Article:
- Thirdly, it maintains that the future is uncertain but open. Although uncertainty is a significant mental health risk factor for asylum seekers and refugees, these characteristics mean that there are still possibilities. Nobody can predict what is around the corner. I utilised this many times with refugees on Nauru to challenge their despair and pessimism.
- Fourthly, it seeks goals and pathways to identified goals. By identifying realistic goals, and pathways to achieve these goals, refugees can obtain – often through a process of trial and error – a sense of control and predictability over daily life. As more and more new neural pathways and networks are activated, cognition improves as do general mental health and well-being.
- Fifthly, it accommodates doubt, contradictions and despair – very appropriate in the environment in which refugees exist.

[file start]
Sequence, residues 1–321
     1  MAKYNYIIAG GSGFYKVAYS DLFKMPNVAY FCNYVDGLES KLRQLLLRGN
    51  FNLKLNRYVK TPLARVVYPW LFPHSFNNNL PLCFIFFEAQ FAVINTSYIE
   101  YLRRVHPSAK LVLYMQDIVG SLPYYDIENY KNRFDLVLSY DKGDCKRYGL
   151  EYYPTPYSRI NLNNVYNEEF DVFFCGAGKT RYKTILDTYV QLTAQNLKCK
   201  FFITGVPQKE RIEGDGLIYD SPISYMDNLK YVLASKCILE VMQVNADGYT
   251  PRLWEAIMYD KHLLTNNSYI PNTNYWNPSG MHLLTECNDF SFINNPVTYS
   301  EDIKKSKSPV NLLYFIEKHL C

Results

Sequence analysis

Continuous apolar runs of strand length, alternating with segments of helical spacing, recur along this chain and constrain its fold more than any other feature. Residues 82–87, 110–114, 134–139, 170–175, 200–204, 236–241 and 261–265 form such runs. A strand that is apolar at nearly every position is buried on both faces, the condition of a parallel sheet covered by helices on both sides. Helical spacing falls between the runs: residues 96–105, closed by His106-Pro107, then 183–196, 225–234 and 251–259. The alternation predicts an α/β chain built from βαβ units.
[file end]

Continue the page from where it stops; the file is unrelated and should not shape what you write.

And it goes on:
Training in facilitating reasonable hope provides those who support refugees and asylum seekers with practical mechanisms to support their clients to focus on the present and to reinforce positive cognitive processes. It is in no way my intention to deprive refugees and asylum seekers of the hope of getting off Manus Island or Nauru. The One Big Hope will always be in their minds. However, rather than have that sole, distant hope dominate their lives, the concept of reasonable hope can provide
other points of focus in the present and the immediate future, helping individuals to identify achievable albeit humble hopes that bring satisfaction and further motivation. When refugees and asylum seekers do finally reach a place of safety, their mental processes will be intact and they will be in a stronger position to face the challenges of settlement and to lead productive lives.
This article is kindly reproduced with the permission of the Forced Migration Review www.fmreview.org/shelter.